Nov 20, 2013

Pro's and Con's Review: Rise of Augustus

Format: Board Game
Designer: Paolo Mori

I recently attended the Toy and Game Expo on behalf of Roll'n Bump distributor Îlot 307 inc. where I ran a tournament of one of the brand new games they distribute: 2013 Spiel de Jahres nominee: Rise of Augustus.

Of course, having to run a tournament of a brand new game meant learning to play. And having my hands on a brand new game meant getting requests to teach it and sitting down to play it some more. All told, I think I got in about a half dozen games of Rise of Augustus by the time the expo closed its doors.

So what is Rise of Augustus all about? Well, I hate to bust out the same comparison all other reviewers have been using, but it's an apt one. Playing Rise of Augustus is a bit like playing Bingo for gamers. Before you go running off screaming at the thought of smoky parlours filled with listless players blowing pay-day loans just bear in mind this is a Spiel de Jahres nominee and, much like past alum 7 Wonders, offers easy to learn game play with enough meat to keep true gamers engaged. Read on for my full review from a professional and a consumer point of view.

Professional's Take:
Like many Spiel de Jahres games, Rise of Augustus skirts that line between the themes and tactics of a hobby game and the approachability and simple rules of a family game. All players, usually, have three objective cards face up in front of them. These objectives are worth points once "completed" and completing an objective consists of placing a pawn, representing a legion, on each requirement icon of the card. Where a legion may be placed is determined by tokens that are drawn from a bag by one of the players. This is where the comparison to Bingo comes in. The player currently holding the bag simply draws a token and announces which symbol is found on it. All players may then place a legion onto a matching requirement space on one of their objectives. The big difference between this and Bingo, of course, is that you only get to place a single legion per token drawn, meaning you will have to decide which objectives to focus your efforts onto.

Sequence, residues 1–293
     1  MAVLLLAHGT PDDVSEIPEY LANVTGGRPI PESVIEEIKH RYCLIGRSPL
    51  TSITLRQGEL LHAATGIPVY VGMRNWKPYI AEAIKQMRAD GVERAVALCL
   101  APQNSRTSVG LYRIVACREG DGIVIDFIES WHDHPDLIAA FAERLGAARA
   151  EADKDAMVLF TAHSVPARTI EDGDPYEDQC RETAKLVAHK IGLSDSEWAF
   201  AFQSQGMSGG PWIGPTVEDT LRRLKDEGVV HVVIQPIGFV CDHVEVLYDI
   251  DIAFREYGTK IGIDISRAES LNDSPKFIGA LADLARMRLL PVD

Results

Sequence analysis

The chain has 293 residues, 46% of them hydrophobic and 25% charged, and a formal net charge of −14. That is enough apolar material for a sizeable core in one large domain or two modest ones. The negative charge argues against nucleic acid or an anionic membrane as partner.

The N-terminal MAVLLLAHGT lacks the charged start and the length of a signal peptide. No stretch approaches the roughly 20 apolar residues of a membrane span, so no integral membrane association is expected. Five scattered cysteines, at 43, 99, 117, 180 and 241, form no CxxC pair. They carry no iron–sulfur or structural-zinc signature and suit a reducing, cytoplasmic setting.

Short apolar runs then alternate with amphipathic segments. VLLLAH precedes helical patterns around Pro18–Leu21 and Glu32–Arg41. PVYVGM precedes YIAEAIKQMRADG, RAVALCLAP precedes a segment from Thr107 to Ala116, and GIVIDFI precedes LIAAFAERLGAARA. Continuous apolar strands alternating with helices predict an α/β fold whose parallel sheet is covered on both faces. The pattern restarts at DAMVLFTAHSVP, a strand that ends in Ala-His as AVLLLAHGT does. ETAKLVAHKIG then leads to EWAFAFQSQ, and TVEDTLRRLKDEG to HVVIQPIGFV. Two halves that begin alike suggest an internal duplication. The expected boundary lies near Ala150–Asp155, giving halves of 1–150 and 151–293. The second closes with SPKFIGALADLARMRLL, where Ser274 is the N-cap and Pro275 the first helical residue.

What reveals itself over multiple plays is just how important the seemingly simple decisions you need to make end up being over the course of the game. With such a random core mechanism, one would be quick to dismiss the game as nothing but chance, but the few decision points can end up making a huge difference to your final score. The decisions players will have to make include where to place their legions, which of five available objective cards will they take to replace ones they've completed and whether or not to take certain score bonuses.

Obviously, deciding where to place legions will have a huge impact on how quickly you will complete certain objectives, and since completing objectives often rewards you with bonuses that can affect not only scoring but game play as well, choosing which objectives to focus on is far from random. By the same token, choosing which objectives to draw from the centre to replace those you have completed is equally important as some may allow you to work toward certain score bonuses while others may make it much easier to complete other, seemingly impossible, high scoring objectives you may already be working on.